Are you updated with the latest techniques and guidelines for finding the best keywords? If not, this guide is for you.

Keyword research has always been an important part of both content optimization and Search Engine optimization. But, sometimes, with so many keywords, it becomes hard to choose the right one. Why? Because the user intent has now changed, and the keyword guidelines have been evolving.

 So, how has this keyword search evolved?

Today’s keyword research was not the same as you were doing in 2006 or so; it has completely evolved. Previously, the keywords were the words ( that people are looking for ) that were used to stuff in the content. These stuffed words were then used to bring pages to the top list by compromising quality artificially. The only thing that matters at that time was the right keyword density.

However, that approach doesn’t work in current scenarios.  In fact, it is considered a scam and more penalized than considered good. Today, Google keeps on upgrading its algorithm to deliver organic and relevant things to people.  

Today, searches are more natural than artificial because of digital assistance, allowing people to search through their voice. This further means that the searches use natural language in search queries instead of writing or typing.

How To Find The Best Keywords For Optimizing Your Content

Search engines have now become much smarter than they have been and know the user intent without matching the exact results. Therefore, using proper keywords on your site as well as in the content is very important. Down below are some methods that can be extremely helpful:

Google Analytics:

Looking for the Search Console Data in Google Analytics, find it in the ‘Acquisition’ section.

Although most of the keywords are placed under the organic section of Analytics as labeled, the Acquisition contains your Search Console data.  Go to ‘Search Console> Queries’.  So, even if Google is not revealing all the data in its Analytics, there are various other resources that are free to use and can be quite helpful for webmasters and SEO.

Google Related Searches:

Google offers ‘related searches’ at the end of the search engine result pages (SERPs); this is where you can find relevant keywords before beginning your search.  You can also look for its variations when finding keyword phrases. For instance, I want to sell a dress, while others want to buy them.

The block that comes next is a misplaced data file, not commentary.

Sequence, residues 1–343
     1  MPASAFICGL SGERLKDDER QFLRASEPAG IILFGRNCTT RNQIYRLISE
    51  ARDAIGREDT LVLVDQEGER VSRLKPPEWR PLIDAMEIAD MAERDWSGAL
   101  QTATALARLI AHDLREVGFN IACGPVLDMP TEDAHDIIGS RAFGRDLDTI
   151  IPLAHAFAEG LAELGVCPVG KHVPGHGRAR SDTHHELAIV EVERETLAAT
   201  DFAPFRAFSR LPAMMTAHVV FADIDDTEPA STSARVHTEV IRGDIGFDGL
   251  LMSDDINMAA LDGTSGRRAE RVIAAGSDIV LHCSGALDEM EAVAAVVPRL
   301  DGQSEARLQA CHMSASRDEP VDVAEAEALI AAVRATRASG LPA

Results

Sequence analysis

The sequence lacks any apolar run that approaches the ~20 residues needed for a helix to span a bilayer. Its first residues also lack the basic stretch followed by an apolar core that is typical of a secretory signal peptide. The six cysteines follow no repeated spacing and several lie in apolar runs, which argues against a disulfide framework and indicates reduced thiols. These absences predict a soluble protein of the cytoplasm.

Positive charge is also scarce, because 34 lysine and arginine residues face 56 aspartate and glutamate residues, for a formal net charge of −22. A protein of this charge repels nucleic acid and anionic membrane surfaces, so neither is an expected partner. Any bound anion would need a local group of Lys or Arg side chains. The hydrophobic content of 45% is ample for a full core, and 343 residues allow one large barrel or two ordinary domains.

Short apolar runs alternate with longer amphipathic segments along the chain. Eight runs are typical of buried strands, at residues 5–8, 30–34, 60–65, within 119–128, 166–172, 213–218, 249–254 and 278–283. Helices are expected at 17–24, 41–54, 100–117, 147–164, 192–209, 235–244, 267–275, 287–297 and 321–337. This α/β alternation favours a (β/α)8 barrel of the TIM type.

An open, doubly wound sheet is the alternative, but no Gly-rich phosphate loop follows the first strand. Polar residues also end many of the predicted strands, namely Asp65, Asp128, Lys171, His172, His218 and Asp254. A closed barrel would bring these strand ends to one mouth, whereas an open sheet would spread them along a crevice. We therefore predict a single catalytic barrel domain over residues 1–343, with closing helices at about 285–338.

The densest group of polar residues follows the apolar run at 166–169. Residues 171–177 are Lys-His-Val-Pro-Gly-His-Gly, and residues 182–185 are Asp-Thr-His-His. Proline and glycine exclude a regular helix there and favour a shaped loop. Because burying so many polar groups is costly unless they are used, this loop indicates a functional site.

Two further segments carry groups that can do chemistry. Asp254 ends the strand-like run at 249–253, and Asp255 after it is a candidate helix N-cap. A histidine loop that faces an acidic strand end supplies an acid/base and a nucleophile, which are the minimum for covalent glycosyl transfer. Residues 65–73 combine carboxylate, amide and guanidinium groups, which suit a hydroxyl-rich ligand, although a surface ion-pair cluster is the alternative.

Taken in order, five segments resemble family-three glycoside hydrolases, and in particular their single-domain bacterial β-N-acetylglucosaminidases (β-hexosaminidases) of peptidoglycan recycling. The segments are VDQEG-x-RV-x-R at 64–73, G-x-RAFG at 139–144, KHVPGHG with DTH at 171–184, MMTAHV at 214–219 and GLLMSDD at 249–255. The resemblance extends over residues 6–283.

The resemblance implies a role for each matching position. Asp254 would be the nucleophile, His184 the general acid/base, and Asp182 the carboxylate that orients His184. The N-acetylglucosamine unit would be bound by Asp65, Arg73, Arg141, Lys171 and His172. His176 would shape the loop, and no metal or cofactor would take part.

In this, instead of focusing on direct keywords, let’s focus on its related searches. This will help gain better insights into the customer’s profile and help create content to resolve users’ queries. Once you gather this information, your content becomes relevant, and your keywords will get a good ranking. 

Now let’s consider another example of ‘red flowers.’ Now, what does this means? I know that I am selling red flowers, but does it relate to my target audience? Will they understand? 

But, if I add ‘buy red flowers,’ it shows that I’m selling them, which is my intent. However,  you can’t be a mind reader and cannot understand users’ intent. That’s where related searches come into play. Related searches will show the user’s goal; like every time they type something, it becomes a query.

Google Auto-Populate:

Once named as Google suggests, this helps in fastening the search queries of users. This auto-complete is powered by Google’s machine learning search algorithm called RankBrain. 

RankBrain uses deep learning methods to help users get better results. It reads the signals and search patterns to sort page rankings and approximate predictions to the user’s search queries. These predictions are based on the freshness of the topic and the popularity. 

However, it doesn’t always show queries that are evergreen; it depends more on relevancy.   This can be a plus for those who are going to kick-start their keyword planning. It can also give insights for long-tail keywords, which can be great for filling the keyword content gaps.

Google Search Console:

Google Search console is a place where you can find the top searches as well as top pages that people are searching.  You can use this to improve the underperforming keywords (the keywords that don’t come in the top three positions).

To find such keywords, go to the Search Results and look for the Average CTR and its position. Then, look for the query report, set an average ranking position to below 8, and sort the result in descending order.

Furthermore, Google Search Console helps in optimizing pages that have a high ranking but low CTR.  For this, you need to find pages that are not performing good and analyze them to boost their CTR.

To do this,  go to ‘search results’ and toggle on the average CTR and keywords position data. After this, filter keywords that are ranking below 3.  Then, sort the CTR in ascending order and find the one that has the high impression.

Once you know the issue, you can then optimize the page for better results.

Google Trends:

Google trends help in choosing the right keywords based on their value and trending stats.  You will see the overall ‘interest over time’ of a particular keyword and the forecast for special terms. Besides, you can look for topics or subtopics related to your niche.  Also, the results of Google Trends are highly relativistic; they follow today’s trends and the previous data of keywords you have entered in the search. 

Conclusion:

For keyword research, you can also use google keyword planner. Lastly, if you want your email marketing, content marketing, and web pages to deliver the fastest results, you need to understand how you can research keywords and use them in the current strategies.